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[It should be obvious, but there are loads of spoilers below from the first four episodes of Twin Peaks: The Return.]

In a year that has brought us some pretty trippy TV so far, Showtime's Twin Peaks revival has managed to uncork the weirdest, wildest, most unfathomable four hours of television I have seen this year on a major media outlet.

And for David Lynch fans, that's probably going to sound like heaven.

Remembering Chris Cornell: 'It's so devastating'

May 18, 2017
Chris Cornell performing in 2011.
Flickr Photo/Sebastian R. (CC BY NC 2.0)/https://flic.kr/p/cC1AXE

Bill Radke speaks with Charles R. Cross about the sudden, shocking suicide of Chris Cornell. Cross knew the Soundgarden and Audioslave frontman for decades, and he reflects on the massive impact Cornell had on Seattle and the world. He also discusses the circumstances surrounding Cornell's death and how fans and friends may be able to cope with the tragedy. 

Of course it's a story about death and Seattle music.

I woke up this morning after bad dreams last night, only to find the real nightmare — that Chris Cornell of Soundgarden was dead. As with all these losses it seems surreal, untrue, unimaginable. But there it is.

Updated at 2:25 p.m. ET

Chris Cornell, the unmistakable voice and frontman of the bands Soundgarden and Audioslave, died overnight in Detroit at the age of 52. He was discovered just past midnight at the MGM Grand Detroit, according to police.

The office of the Wayne County Medical Examiner on Thursday determined the cause of his death to be suicide by hanging, noting that a full autopsy has yet to be completed.

Courtesy of Libby Lewis Photography

Yes, poetry month is over. But how about some more poetry anyway?

We’ve collected readings from the Seattle Arts & Lectures poetry series over the last two months. You’ll hear the work of poets Ellen Bass, Ross Gay and Alice Notley. Each spoke at Seattle’s McCaw Hall.

Journalist Alex Tizon carried a secret his whole life.

"She lived with my family for 56 years. She raised me and my siblings, and cooked and cleaned from dawn to dark — always without pay," Tizon writes in an upcoming cover story in The Atlantic. "I was 11, a typical American kid, before I realized she was my family's slave."

Poet Jane Wong
Courtesy of Helene Christensen

Bill Radke and KUOW poetry correspondent Elizabeth Austen discuss an excerpt of "Pastoral Power," a sprawling, image-driven poem by local poet Jane Wong. The poem is rooted in a trip Wong took as a teenager to the rural village in southern China where her mother grew up.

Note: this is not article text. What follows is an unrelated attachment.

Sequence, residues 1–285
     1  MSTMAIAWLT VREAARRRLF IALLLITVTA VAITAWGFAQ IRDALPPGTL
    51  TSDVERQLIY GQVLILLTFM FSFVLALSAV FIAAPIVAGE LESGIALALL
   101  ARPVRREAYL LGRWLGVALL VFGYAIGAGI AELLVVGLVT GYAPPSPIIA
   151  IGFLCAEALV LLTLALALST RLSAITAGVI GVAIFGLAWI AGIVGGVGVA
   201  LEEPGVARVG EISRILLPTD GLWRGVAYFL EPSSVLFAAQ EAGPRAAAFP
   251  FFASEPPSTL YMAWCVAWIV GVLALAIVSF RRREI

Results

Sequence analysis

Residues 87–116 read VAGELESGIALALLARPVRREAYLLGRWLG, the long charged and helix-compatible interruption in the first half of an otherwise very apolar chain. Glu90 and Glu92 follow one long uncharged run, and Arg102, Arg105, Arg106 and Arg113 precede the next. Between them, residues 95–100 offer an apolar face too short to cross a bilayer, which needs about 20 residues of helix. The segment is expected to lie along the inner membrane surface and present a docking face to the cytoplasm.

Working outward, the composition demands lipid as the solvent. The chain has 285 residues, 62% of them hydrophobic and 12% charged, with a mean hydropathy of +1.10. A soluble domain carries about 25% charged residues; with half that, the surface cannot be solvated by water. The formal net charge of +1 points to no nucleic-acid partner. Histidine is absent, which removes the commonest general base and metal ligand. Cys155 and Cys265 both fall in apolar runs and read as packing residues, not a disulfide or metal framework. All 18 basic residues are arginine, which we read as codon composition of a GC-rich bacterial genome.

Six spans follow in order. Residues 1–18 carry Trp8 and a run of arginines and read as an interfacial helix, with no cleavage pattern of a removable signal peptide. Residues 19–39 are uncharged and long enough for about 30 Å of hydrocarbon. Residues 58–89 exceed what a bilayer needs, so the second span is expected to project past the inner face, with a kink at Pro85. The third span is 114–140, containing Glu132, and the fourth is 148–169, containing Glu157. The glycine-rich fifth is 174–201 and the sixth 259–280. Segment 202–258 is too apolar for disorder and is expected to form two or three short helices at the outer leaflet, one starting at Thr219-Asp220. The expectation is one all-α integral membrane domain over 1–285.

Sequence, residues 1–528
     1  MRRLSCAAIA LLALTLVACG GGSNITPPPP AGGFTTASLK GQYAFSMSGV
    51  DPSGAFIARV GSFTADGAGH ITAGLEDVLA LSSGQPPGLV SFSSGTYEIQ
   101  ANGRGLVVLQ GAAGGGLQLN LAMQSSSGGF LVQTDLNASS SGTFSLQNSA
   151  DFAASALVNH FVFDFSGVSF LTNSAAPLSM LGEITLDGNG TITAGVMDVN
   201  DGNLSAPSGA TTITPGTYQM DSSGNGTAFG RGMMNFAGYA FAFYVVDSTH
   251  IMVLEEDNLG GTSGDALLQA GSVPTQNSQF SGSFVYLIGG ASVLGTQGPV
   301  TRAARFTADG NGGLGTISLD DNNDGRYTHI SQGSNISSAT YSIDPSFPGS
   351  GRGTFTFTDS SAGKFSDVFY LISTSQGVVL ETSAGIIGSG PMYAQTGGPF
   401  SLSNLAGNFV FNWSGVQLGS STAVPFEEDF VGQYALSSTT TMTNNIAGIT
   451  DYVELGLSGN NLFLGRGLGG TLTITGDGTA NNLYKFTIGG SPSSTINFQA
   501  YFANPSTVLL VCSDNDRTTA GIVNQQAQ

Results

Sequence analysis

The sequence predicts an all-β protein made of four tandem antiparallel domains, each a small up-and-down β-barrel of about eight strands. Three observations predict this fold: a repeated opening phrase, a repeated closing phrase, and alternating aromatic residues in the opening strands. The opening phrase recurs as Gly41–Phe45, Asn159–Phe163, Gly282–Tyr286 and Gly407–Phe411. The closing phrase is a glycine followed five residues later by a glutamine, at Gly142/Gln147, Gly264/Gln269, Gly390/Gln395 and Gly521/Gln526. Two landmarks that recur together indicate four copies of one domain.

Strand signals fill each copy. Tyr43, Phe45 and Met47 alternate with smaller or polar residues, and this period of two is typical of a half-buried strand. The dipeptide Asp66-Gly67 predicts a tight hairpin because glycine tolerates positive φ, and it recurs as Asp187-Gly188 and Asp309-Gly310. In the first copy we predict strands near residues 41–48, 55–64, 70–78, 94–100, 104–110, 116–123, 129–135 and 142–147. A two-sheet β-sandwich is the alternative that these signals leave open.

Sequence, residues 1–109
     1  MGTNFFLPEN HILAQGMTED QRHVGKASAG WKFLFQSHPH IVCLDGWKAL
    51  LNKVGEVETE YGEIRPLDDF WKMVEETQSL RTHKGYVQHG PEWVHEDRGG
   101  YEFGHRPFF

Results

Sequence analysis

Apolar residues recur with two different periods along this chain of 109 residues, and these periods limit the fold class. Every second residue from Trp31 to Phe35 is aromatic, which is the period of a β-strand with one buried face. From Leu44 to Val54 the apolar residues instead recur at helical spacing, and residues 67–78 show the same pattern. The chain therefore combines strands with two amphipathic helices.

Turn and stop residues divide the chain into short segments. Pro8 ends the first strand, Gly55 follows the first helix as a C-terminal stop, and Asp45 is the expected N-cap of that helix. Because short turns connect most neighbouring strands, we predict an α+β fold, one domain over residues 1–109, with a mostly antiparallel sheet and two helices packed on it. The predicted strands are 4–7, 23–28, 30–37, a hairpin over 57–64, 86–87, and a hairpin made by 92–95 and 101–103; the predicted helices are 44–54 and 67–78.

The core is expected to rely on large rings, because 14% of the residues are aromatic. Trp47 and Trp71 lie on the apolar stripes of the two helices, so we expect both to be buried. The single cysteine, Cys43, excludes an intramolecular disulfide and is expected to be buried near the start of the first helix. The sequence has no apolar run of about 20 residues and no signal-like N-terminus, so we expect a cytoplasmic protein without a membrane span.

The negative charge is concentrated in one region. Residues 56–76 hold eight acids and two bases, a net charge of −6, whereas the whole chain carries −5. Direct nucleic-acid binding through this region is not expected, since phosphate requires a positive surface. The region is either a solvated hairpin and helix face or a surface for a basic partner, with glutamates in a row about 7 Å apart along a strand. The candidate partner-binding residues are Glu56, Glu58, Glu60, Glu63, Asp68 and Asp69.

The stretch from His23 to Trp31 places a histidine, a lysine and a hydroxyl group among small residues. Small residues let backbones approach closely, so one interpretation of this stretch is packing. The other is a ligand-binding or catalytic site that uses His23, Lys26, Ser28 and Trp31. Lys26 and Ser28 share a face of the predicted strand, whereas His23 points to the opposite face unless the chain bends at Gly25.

A conceptual rending of what the Upstream Music Fest will look like.
Courtesy of Upstream Music Fest

A new kind of music festival will come to Seattle’s Pioneer Square this week.  

It's called Upstream.

A conceptual rending of what the Upstream Music Fest will look like.
Courtesy of Upstream Music Fest

Bill Radke speaks with Rock and Roll Hall of Fame DJ Marco Collins about the Upstream Music Festival. The three day festival in Pioneer Square is the brain child of Microsoft's Paul Allen. This is his way of bringing together local technology and local music. Collins is curating his own stage at the festival and shares some of the music he is excited for this weekend. 

Twenty-five years ago Tuesday, a career-defining single was born — and with it, endless sitcom jokes and rap homages. It was referenced in Sing, the 2016 animated children's movie, and in Shrek years before that. But when it debuted in 1992, there were those who took it to heart as an anthem of body positivity.

KUOW Photo/Sonya Harris

Author Thomas Frank made his mark on the book world by taking Republicans to task for the state of the nation. Last year, well before Donald Trump’s presidential win, Frank shifted his gaze to the Democrats. He didn’t like what he saw there, either.

The fastest growing Mariachi music program outside of Mexico is in Washington state. A high school Mariachi band from Wenatchee has an award winning director and they’ve won a few themselves.

Since the 18th century, Mariachi has been an integral part of Mexico’s music scene and most students here have Mexican roots. There aren’t many programs like this in the U.S.

Meredith Heuer

Bill Radke speaks with Daniel Handler, aka Lemony Snicket, and his wife Lisa Brown about their new book, "Goldfish Ghost." Handler wrote the story and Brown did the illustrations. And as you might guess from the title, it's a kid's story about a dead goldfish. Handler and Brown discuss the new book, why we don't really want happy endings, and the need for loneliness and bewilderment in our daily lives. 

Two short poems from Seattle's juvenile jail

May 1, 2017
A poem read by a teen reader at King County Juvenile Detention in Seattle. The reader, a teen girl, had memorized it and therefore didn't read from the page.
KUOW Photo/Isolde Raftery

CHICAGO ON THE SOUTH SIDE

By a young man in juvenile detention, age 15

Everybody should know
that when I was younger
I was at school one day,
I went straight from lunch to recess.
My brother was driving down the street.
Somebody was shooting at his car.
The police said that one of the bullets
went through the window and
hit him in the back of his head.

He lost control of his car
and crashed into the monkey bars.

A poem read by a teen reader at King County Juvenile Detention in Seattle. The reader, a teen girl, had memorized it and therefore didn't read from the page.
KUOW Photo/Isolde Raftery

The girl had been raped as a child.

Years later, she was in juvenile detention in Seattle, telling her story to Richard Gold, who was helping her write a poem.

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